‘Oh, that!’ Nigel smiled. ‘Yes, of course! I don’t even remember Jean being there.’

‘You admit it, then?’

‘Oh yes. Colin and Len were being rather annoying so…’

‘So what were your three methods, Mr Chapman?’

Nigel leant his head on one side. Aren’t you asking me to incriminate myself?’

‘You can refuse to answer my questions if you like.’

Nigel considered for a moment, a slight smile on his lips. ‘Of course, what I did was against the law. You could charge me for it. But if it’s got any connection with poor little Celia’s death, I suppose I should tell you.’

‘That would certainly be the sensible decision.’

All right then, I’ll talk.’

‘What were these three methods?’

‘Well.’ Nigel leant back in his chair. ‘One’s always reading in the papers about doctors losing dangerous drugs from a car. So I thought that one very simple method would be to go down to the country, follow a doctor about and, when the opportunity came, just open the car, look in the doctor’s case, and take what you wanted. I had to follow three doctors until I found a suitably careless one. When I did, it was so easy. The car was left outside a farmhouse. I looked in the case, took out a tube of hyoscine, and that was that.’

‘And method number two?’

‘That involved Celia, but she had no idea what I was doing. I just talked about the funny way doctors write prescriptions, and asked her to write one for me like a doctor would write it, for digitalis. So she did. All I then had to do was to find a doctor living in another part of London, write his signature on the prescription so that it was hard to read, and take it to a chemist in another busy part of London. I received the medicine without any difficulty at all.’

And the third method?’

‘I am incriminating myself! I can hear it in your voice.’

‘Stealing drugs from an unlocked car is larceny. Forging a prescription…’

Nigel interrupted him. ‘But I didn’t obtain money by it, and it wasn’t a copy of any particular doctor’s signature. Anyway I’m only telling you because…’

‘Yes, Mr Chapman…?’

Nigel said with sudden feeling, ‘Celia didn’t deserve to be murdered and I want to help.’

‘Mr Chapman, the police can choose how they treat some types of behaviour. So please, tell me about your third method.’

‘Well,’ said Nigel, ‘it was a bit more risky than the other two, but it was also more fun. You see, I had been to visit Celia before in her pharmacy. I knew the place reasonably well…’

‘So you were able to take the bottle out of the cupboard?’

‘No, no, if I had been planning a real murder, someone would remember that I had been there. No, I knew that Celia always went into the back room at eleven-fifteen for a cup of coffee. There was a new girl there and she didn’t know me, so with a white coat on and a stethoscope round my neck, I walked into the pharmacy when she was alone there. I went along to the poison cupboard, took out a bottle, then asked the girl if she had a couple of headache pills as I had had too much to drink the night before. I swallowed them and walked out. She never suspected that I wasn’t a doctor. It was so easy.’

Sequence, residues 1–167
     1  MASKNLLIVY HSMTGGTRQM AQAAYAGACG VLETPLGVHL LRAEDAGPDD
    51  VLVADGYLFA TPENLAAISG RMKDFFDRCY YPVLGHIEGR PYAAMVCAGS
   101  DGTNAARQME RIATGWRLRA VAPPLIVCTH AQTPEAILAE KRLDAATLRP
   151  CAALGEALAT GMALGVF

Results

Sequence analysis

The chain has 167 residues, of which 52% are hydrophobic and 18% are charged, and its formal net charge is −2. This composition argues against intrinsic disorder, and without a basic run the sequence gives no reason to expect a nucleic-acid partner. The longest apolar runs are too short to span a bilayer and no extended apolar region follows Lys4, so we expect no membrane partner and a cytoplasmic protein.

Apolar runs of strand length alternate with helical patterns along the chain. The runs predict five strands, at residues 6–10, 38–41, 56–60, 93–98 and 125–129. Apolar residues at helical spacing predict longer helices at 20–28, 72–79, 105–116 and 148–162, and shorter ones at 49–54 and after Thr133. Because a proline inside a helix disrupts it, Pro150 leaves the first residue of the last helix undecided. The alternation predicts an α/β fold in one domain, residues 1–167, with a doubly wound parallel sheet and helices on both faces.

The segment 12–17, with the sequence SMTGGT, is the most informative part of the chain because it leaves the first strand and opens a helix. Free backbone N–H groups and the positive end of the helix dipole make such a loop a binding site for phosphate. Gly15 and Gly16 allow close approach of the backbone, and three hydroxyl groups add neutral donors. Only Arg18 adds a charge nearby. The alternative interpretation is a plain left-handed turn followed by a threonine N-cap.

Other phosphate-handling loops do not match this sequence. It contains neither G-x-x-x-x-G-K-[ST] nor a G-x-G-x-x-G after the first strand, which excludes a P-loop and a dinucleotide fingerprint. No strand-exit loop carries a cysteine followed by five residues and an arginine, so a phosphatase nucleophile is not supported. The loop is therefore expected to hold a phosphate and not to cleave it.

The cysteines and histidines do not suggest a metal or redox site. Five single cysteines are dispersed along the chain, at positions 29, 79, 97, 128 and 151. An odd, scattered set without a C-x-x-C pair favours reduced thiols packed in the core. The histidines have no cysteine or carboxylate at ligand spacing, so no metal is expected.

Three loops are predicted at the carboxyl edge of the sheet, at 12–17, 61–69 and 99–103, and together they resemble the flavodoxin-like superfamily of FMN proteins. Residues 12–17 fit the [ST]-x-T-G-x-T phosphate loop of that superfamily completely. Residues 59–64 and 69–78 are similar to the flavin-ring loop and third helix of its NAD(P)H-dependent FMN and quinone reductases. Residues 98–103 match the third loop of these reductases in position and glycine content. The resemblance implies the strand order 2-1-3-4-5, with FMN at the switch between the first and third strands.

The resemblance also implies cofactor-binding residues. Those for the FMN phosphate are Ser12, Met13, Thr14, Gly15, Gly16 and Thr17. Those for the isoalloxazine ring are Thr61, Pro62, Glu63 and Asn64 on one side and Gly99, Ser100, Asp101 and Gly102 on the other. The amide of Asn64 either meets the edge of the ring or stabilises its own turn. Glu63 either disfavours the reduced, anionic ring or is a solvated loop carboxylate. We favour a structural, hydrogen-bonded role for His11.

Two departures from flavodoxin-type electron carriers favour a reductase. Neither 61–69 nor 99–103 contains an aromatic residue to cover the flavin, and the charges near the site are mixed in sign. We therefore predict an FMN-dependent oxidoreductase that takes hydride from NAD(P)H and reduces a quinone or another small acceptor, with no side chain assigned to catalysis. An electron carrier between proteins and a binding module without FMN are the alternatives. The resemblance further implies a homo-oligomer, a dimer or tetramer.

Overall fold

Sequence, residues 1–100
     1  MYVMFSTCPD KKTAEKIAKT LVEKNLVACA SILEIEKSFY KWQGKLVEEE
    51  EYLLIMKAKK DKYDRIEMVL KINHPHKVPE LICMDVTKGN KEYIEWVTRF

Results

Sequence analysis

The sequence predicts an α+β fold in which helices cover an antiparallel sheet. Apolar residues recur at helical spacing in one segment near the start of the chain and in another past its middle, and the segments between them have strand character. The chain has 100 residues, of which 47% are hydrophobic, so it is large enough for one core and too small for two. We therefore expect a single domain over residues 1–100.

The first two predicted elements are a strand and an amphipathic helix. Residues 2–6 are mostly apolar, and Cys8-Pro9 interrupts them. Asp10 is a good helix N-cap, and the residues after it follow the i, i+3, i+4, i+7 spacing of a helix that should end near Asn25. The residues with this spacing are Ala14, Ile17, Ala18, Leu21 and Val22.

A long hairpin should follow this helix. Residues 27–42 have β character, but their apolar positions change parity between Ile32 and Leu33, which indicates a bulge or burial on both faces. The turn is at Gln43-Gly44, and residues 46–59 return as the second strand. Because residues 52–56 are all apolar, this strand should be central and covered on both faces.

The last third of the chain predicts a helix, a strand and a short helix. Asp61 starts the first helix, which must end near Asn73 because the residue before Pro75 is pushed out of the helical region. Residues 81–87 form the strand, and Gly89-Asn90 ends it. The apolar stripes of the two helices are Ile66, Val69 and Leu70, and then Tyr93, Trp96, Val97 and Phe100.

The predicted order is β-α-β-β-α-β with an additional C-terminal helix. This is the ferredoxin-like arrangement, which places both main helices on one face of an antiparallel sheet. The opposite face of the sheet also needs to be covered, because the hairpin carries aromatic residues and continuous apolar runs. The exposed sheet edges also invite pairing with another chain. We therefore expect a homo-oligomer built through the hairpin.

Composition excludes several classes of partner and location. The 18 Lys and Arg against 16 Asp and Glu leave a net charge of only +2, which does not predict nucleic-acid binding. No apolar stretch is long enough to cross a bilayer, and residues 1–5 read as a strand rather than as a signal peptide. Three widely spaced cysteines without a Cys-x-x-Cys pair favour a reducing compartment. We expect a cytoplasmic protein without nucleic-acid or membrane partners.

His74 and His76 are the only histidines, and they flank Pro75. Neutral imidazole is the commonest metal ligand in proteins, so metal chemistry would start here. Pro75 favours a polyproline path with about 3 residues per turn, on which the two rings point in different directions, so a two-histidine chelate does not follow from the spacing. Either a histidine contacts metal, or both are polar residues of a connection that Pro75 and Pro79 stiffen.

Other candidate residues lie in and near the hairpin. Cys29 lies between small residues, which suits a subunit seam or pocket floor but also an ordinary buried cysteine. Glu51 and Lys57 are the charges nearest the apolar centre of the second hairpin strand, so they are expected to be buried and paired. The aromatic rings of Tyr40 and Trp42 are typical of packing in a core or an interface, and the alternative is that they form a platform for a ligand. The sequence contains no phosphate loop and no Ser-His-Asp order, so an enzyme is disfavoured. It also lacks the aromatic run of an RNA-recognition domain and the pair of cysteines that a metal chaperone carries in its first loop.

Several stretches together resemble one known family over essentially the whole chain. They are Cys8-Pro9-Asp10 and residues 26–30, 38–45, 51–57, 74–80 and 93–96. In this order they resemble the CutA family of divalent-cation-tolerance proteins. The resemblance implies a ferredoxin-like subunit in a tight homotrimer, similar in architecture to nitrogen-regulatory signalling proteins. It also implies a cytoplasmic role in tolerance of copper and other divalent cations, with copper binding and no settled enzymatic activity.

‘A stethoscope,’ said Inspector Sharpe. ‘Where did you get that?’

Nigel smiled. ‘It was Len Bateson’s. You should have seen everyone’s face when I put those three poisons on the table. But we got rid of all of them at least two weeks ago.’

‘That is what you think, Mr Chapman, but it may not really be so.’

‘What do you mean?’

‘How long had you had these things in your possession?’

‘Well, the hyoscine about ten days. The morphine, about four days. The digitalis I had only got that afternoon.’

‘And where did you keep these things?’

‘In my chest of drawers, under my socks.’

‘Did anyone know that?’

‘No.’

‘Did you tell anyone about what you were doing?’

‘No. At least - no, I didn’t.’

‘You said “at least”, Mr Chapman.’

‘Well, I was going to tell Pat, then I thought she wouldn’t approve, so I didn’t. I told her after I had got them. She was not amused. But we just threw it all on the fire and down the lavatory with no harm done.’

‘But it’s very possible that harm was done. Have you never thought, Mr Chapman, that someone might have seen where you put those things, and that someone might have emptied morphia out of the bottle and replaced it with something else?’

‘Goodness no! But nobody could possibly have known.’

‘Which students might normally go into your room?’

‘Well, I share it with Len Bateson. Most of the men here have been in it. Not the girls, of course. They’re not allowed to come to the bedroom floors on our side of the house.’

‘But they might still do so?’

‘Anyone might,’ said Nigel. ‘In the afternoon there’s nobody about.’

‘Does Miss Lane ever come to your room?’

‘I hope you don’t mean that the way it sounds, Inspector. Pat comes to my room sometimes to return some socks she’s mended. That’s all.’

Leaning forward, Inspector Sharpe said, ‘You do see, Mr Chapman, that the person who could most easily have taken some of that poison out of the bottle, was yourself?’

Nigel looked at him, his face suddenly very tired. ‘Yes. I saw that just a minute and a half ago. But I had no reason to kill the girl, Inspector, and I didn’t do it. Although you’ve only got my word for it.’